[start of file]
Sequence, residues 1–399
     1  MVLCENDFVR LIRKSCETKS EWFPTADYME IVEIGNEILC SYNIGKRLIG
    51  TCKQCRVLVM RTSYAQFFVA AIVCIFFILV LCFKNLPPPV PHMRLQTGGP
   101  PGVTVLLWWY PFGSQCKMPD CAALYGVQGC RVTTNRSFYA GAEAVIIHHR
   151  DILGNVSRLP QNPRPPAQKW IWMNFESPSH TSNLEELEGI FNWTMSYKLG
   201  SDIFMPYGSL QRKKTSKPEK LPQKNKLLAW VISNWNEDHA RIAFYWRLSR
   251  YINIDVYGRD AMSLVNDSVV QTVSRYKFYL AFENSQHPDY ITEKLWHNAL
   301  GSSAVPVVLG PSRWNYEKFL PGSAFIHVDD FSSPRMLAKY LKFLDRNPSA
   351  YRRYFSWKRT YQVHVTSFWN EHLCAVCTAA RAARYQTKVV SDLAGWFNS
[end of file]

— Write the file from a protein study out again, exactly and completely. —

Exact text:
Sequence, residues 1–399
     1  MVLCENDFVR LIRKSCETKS EWFPTADYME IVEIGNEILC SYNIGKRLIG
    51  TCKQCRVLVM RTSYAQFFVA AIVCIFFILV LCFKNLPPPV PHMRLQTGGP
   101  PGVTVLLWWY PFGSQCKMPD CAALYGVQGC RVTTNRSFYA GAEAVIIHHR
   151  DILGNVSRLP QNPRPPAQKW IWMNFESPSH TSNLEELEGI FNWTMSYKLG
   201  SDIFMPYGSL QRKKTSKPEK LPQKNKLLAW VISNWNEDHA RIAFYWRLSR
   251  YINIDVYGRD AMSLVNDSVV QTVSRYKFYL AFENSQHPDY ITEKLWHNAL
   301  GSSAVPVVLG PSRWNYEKFL PGSAFIHVDD FSSPRMLAKY LKFLDRNPSA
   351  YRRYFSWKRT YQVHVTSFWN EHLCAVCTAA RAARYQTKVV SDLAGWFNS